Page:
Tag Archive: treatment

Another possible treatment for tinnitus

Photo credit: This photo is in the public domain.

by Daniel Fink, MD, Chair, The Quiet Coalition

Tinnitus is “ringing in the ears,” or, more technically, the perception of sound when there is no external auditory stimulus. The current theory is that tinnitus is located in the brain, possibly abnormal electrical patterns, although the exact locus and lesion are not known.

This report from Finland describes the use of trans-cranial magnetic stimulation to treat patients with severe tinnitus. Like most similar reports, it is very preliminary.

Tinnitus has many causes, but the most common cause is noise exposure. This may be via a one-time exposure to loud noise or associated with noise-induced hearing loss caused by chronic noise exposure. In either instance, tinnitus can be prevented by avoiding noise exposure.

While it’s exciting that there is a potentially promising treatment for tinnitus in the offing, I must point out that avoiding the need for treatment is always the better option.

So remember: if it sounds too loud, it is too loud. Protect your hearing.

Dr. Daniel Fink is a leading noise activist based in the Los Angeles area. He is the founding chair of The Quiet Coalition, an organization of science, health, and legal professionals concerned about the impacts of noise on health, environment, learning, productivity, and quality of life in America. Dr Fink also is the interim chair of Quiet Communities’ Health Advisory Council, and he served on the board of the American Tinnitus Association from 2015-2018.

The use of sound in medicine

Photo credit: Nuclear Regulatory Commission licensed under CC BY 2.0

by Daniel Fink, MD, Chair, The Quiet Coalition

Sound has medical uses. Music therapy has been used for decades, as has diagnostic ultrasound, e.g., echocardiography, gallbladder, and kidney ultrasound, and therapeutic ultrasound has been used in physical therapy.

Now, this report from NPR discusses the use of focused sound waves to ablate damaged brain tissue, relieving a farmer of a trembling hand.

Dr. Daniel Fink is a leading noise activist based in the Los Angeles area. He is the founding chair of The Quiet Coalition, an organization of science, health, and legal professionals concerned about the impacts of noise on health, environment, learning, productivity, and quality of life in America. Dr Fink also is the interim chair of Quiet Communities’ Health Advisory Council, and he served on the board of the American Tinnitus Association from 2015-2018.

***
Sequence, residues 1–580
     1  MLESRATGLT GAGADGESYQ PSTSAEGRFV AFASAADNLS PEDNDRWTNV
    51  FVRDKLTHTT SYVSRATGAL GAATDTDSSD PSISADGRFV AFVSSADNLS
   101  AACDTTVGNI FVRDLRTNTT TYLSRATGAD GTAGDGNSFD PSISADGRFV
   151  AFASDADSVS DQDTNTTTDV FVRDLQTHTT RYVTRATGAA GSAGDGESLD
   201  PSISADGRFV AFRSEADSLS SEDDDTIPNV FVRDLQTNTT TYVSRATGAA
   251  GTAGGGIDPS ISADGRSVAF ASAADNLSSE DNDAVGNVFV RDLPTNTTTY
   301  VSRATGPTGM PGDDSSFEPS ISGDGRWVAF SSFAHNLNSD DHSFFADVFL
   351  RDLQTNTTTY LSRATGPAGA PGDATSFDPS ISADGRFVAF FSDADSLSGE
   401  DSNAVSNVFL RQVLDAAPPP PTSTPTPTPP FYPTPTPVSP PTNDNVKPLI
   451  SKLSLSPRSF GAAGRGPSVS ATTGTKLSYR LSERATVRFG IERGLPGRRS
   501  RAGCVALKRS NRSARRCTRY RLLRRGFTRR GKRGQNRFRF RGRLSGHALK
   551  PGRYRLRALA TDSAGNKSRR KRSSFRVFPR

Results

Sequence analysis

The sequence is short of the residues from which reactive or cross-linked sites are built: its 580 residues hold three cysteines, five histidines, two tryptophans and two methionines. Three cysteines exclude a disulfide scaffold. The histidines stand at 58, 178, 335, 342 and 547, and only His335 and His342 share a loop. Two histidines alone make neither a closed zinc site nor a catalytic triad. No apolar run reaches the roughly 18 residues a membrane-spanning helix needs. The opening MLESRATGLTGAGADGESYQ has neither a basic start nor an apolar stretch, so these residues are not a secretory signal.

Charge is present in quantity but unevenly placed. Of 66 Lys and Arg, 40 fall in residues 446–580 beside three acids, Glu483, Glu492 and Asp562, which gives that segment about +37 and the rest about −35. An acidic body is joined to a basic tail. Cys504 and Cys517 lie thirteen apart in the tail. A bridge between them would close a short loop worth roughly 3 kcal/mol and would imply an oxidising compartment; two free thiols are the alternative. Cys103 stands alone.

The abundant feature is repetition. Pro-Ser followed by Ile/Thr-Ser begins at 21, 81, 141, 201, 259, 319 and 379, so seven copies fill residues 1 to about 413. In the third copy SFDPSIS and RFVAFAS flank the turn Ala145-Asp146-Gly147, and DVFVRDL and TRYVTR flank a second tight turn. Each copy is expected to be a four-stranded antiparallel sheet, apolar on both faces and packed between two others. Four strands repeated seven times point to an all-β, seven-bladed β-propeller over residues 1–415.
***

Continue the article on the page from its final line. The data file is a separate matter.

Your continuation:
New treatment for tinnitus gives hope

by Daniel Fink, MD, Chair, The Quiet Coalition

This report from the University of Michigan about Susan Shore PhD’s research gives hope to tinnitus sufferers that finally an effective treatment may be on the way.

Tinnitus, ringing in the ears, is most commonly caused by noise exposure, either chronic noise exposure or a one-time exposure to loud noise.

Given the causal relationship between noise exposure and both tinnitus and hyperacusis, a collapsed tolerance to usual environmental sound, many people have both. About half of those with tinnitus have significant hearing loss.

My own tinnitus developed after a one-time exposure to loud noise, so my hearing remains good. But I wish I had known that a one-time exposure to loud noise could cause symptoms the rest of my life. That’s part of the message I’m trying to get out to the world.

The other message is that both hearing loss and tinnitus are largely preventable. And certainly noise-induced hearing loss is 100% preventable.

Dr. Shore’s treatment is still in its experimental phase and no one can predict how much it will cost if and when it is approved by the FDA. Or, for that matter, if Medicare and private insurance programs will pay for it.

The most basic public health principle is that it’s far better, and far cheaper, to prevent illness or injury than to treat it. So while we wish Dr. Shore well, we hope those who do not yet have tinnitus, hyperacusis, or hearing loss take this sage–and free–advice:

Protect your ears! Avoid loud noise. Put in ear plugs if you can’t leave the noisy environment.

Remember, your ears are like your eyes or your knees: God only gave you two of them.

Dr. Daniel Fink is a leading noise activist based in the Los Angeles area. He serves on the board of the American Tinnitus Association, is the interim chair of Quiet Communities’s Health Advisory Council, and is the founding chair of The Quiet Coalition, an organization of science, health, and legal professionals concerned about the impacts of noise on health, environment, learning, productivity, and quality of life in America.

Protect your hearing now, because hearing aids leave a lot to be desired.

Shari Eberts writes about living with hearing loss.  Unlike many people with hearing loss, Shari’s loss is genetic and not noise-induced.  There currently is no cure for hearing loss and the only treatment is a hearing aid.  Shari explains why hearing aids are an imperfect treatment in Ten Reasons Hearing Aids Are NOT Like Glasses.